hoping for a home birth almost universally end up with a rush to hospital

and a Caesarean section.

What role has sexual politics played in the medicalisation of birth? Can the emphasis on hospital births be understood as the male colonisation of a hitherto almost exclusively female space?

Certainly obstetric control over birth means that men are usually at the

top of the hierarchy, since most obstetricians are male. This is not true,

however, in Russia, where most obstetricians are female, as they have low status

relative to other specialists.

You describe episiostomy as a “ritual mutilation”. While certainly controversial and perhaps over-used, to describe the technique in terms of ‘ritual mutilation’ seems to ascribe a sinister motivation on the part of obstetricians. Surely obstetricians are working to ensure the safe delivery of the baby and the well-being of the mother?

Episiotomy is, without doubt, mutilation, and there is strong research

evidence that it is employed unnecessarily. To say that is it ritualised

does not imply that it is sinister. A priest who baptises a baby is

conducting a rite. He need not have sinister motives. I agree that

obstetricians are committed to doing the best they can for the mother and

baby. The problem is that they frequently ignore research evidence.

Birth Crisis outlines many of the real and horrific problems that may await a woman in our current childbirth ‘system’. Does it, though, characterise the majority experience of women who give birth in countries like the U.K? What kind of percentage of women have traumatic birth experiences in UK hospitals? Isn't it fair to say that birth is, by nature, traumatic, and that a certain percentage of women are likely to suffer from some form of post-traumatic-stress syndrome after either a natural or medicalised birth?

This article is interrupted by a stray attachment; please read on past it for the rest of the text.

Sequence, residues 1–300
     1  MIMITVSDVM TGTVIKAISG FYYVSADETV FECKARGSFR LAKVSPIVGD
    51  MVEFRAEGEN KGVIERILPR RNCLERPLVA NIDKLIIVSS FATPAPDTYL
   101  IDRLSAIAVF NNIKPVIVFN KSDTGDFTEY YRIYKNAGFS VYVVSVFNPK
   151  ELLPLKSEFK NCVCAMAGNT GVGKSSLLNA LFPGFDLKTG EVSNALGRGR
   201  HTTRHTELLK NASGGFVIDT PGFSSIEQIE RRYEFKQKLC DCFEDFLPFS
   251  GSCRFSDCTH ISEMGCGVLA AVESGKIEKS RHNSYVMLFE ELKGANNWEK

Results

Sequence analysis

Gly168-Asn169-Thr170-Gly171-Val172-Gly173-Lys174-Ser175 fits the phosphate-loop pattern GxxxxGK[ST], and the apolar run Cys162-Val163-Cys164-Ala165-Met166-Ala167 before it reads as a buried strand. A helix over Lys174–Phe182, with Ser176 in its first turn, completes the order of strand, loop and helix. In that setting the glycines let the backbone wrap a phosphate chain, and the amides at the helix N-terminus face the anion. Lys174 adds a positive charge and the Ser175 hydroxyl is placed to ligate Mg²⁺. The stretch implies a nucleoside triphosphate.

Research into PTSD is inadequate because many women who seek help for

distress after birth are diagnosed as suffering from depression, when in

fact they are anxious and panic-stricken. Many women never go to their

doctors because they are ashamed at how they feel, or think that nothing can

be done about their distress.

Published research in the UK reveals that one in twenty women is diagnosed as having

PTSD after childbirth.

Birth can be ecstatic. It can be thrilling, dramatic, and overwhelming. It

need not be traumatic. I don’t think we know what ‘natural birth’ is any

longer. Even women who have spontaneous vaginal births may be put to bed,

prohibited from eating, have each phase of labour controlled by the clock,

encounter complete strangers during labour, and be told when and how to push.

There is, it seems to me, a certain paradox in the book in relation to the subject of the epidural. Throughout the book you argue, justifiably, that women need to take control of their own birth experience, and refuse to bow down to supposedly 'superior' medical knowledge. And yet you seem to suggest that women should not be necessarily trusted to take the 'right' choice in relation to pain relief. One of the first moves by the new Minister for Health in Italy has been to make epidurals free for all women – a move to be welcomed or a step that will serve only to exasperate the 'birth crisis'?